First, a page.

In my seventeen years as an attorney, and in my current practice as a personal injury attorney, I have always let empirical data drive my decision-making. Even as I write this article now, I have some hesitation that I may be jumping the gun — maybe I need more data, perhaps more cases need to be reviewed, or maybe I should just let a few years pass and see if things change. Whatever my reactions are to writing this article, the truth is that I, as well as many others in the industry, have long known that insurance companies routinely give lower valuations on claims submitted by ethnic, non-Caucasian drivers involved in motor vehicle accidents. I don’t make that statement lightly. I honestly wish that I didn’t have the basis to make such a statement, but facts just don’t lie. Looking at our own law firm data, we have discovered that in accident claims where the only significant difference is the ethnicity of the claimant, the shocking reality is that there is a valuation disparity negatively affecting those individuals of non-Caucasian descent. How much is this disparity? Among hundreds of cases that we have compared, just in rear-end accidents alone, where there were primarily soft-tissue injuries to the driver/claimant of the front vehicle (meaning that there were no broken bones and injuries were primarily to muscles, tendons and ligaments), we see those non-Caucasian claimants had on average more than a thirty percent (30%) lower initial case valuation from the relevant insurance company than did a driver/claimant of European ancestry.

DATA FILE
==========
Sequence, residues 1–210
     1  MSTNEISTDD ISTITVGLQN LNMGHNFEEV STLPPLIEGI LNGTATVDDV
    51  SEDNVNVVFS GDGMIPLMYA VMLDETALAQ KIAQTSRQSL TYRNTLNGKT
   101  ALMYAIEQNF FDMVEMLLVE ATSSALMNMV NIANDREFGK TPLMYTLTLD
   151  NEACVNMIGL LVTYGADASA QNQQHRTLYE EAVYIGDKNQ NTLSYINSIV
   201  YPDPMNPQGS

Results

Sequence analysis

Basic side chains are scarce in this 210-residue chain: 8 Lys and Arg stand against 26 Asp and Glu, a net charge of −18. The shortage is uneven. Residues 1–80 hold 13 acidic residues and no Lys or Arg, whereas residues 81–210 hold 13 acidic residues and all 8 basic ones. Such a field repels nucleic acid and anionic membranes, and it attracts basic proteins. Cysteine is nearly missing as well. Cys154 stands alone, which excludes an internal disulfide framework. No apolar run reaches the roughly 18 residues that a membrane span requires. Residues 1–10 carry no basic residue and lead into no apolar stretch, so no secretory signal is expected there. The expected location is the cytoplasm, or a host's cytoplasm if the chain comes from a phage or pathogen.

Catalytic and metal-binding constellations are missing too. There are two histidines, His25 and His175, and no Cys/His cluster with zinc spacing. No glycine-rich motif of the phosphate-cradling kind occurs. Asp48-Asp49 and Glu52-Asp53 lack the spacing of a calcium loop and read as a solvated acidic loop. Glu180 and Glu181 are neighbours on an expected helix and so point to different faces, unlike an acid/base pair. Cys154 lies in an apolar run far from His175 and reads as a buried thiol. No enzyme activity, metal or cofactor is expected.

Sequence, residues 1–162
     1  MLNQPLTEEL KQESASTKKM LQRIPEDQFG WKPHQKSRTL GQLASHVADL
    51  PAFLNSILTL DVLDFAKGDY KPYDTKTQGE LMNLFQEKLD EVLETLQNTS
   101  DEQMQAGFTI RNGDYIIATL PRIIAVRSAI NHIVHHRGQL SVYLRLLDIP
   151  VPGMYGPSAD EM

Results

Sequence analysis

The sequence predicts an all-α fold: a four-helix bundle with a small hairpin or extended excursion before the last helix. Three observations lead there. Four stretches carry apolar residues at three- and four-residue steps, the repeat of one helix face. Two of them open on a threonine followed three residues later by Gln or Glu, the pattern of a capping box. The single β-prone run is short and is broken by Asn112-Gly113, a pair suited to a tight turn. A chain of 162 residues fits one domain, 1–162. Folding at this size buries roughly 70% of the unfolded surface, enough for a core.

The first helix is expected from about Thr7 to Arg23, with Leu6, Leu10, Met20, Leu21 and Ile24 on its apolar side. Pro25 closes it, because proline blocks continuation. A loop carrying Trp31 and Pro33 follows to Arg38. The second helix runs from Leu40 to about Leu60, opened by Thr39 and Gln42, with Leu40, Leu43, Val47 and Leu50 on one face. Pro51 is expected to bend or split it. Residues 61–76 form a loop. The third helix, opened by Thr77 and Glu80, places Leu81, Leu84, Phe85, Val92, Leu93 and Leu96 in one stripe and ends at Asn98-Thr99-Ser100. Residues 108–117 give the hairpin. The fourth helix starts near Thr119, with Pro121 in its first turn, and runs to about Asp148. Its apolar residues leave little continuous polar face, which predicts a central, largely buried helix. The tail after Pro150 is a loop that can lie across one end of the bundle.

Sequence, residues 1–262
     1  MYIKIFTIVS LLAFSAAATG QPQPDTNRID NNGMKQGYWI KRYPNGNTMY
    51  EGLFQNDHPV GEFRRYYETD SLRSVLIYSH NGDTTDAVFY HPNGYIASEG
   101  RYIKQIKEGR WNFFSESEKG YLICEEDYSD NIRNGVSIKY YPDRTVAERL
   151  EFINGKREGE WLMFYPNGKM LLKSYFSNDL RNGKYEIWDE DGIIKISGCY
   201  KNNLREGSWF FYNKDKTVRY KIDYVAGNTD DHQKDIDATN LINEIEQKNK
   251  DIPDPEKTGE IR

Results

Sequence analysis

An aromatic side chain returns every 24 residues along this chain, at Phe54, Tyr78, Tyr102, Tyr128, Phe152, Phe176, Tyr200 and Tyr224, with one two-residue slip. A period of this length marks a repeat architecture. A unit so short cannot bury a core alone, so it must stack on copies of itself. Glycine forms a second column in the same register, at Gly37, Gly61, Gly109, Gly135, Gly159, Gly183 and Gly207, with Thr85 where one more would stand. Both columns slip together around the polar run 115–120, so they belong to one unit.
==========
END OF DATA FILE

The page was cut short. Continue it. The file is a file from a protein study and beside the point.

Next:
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The lower case valuation was consistent across many of the major auto insurance companies, including State Farm, GEICO, Mercury, Allstate, Progressive, Farmers, Infinity, and Access General, to name just a few. What this seems to indicate is that the level of prejudice against drivers of non-Caucasian ethnicities has reached systemic proportions, in that it is now being built into the foundation of the auto insurance claims industry to intentionally harm claims from entire ethnic groups. This is not something we as a community should tolerate and just accept. It harms us in every portion of the country, and even more so in areas where driving is part of everyday life – such as in Southern California. We need to begin this discussion and spread the message that our culturally diverse community will not be marginalized by the insurance industry and its leading commercial entities; we will not remain quiet and accept the daily oppression while being marked as “more likely to commit fraud in the process of an accident claim,” or “less likely to fight a reduced claim valuation,” or “more scared of the process,” or “more likely to be intimidated by the court system,” or the really insidious label of being “less of a credible witness due to lack of English proficiency.” It’s time we contact our elected officials, political leaders, and anyone holding relevant influence to ensure that all claimants, regardless of race or national origin, get a fair shake during the auto insurance claims process.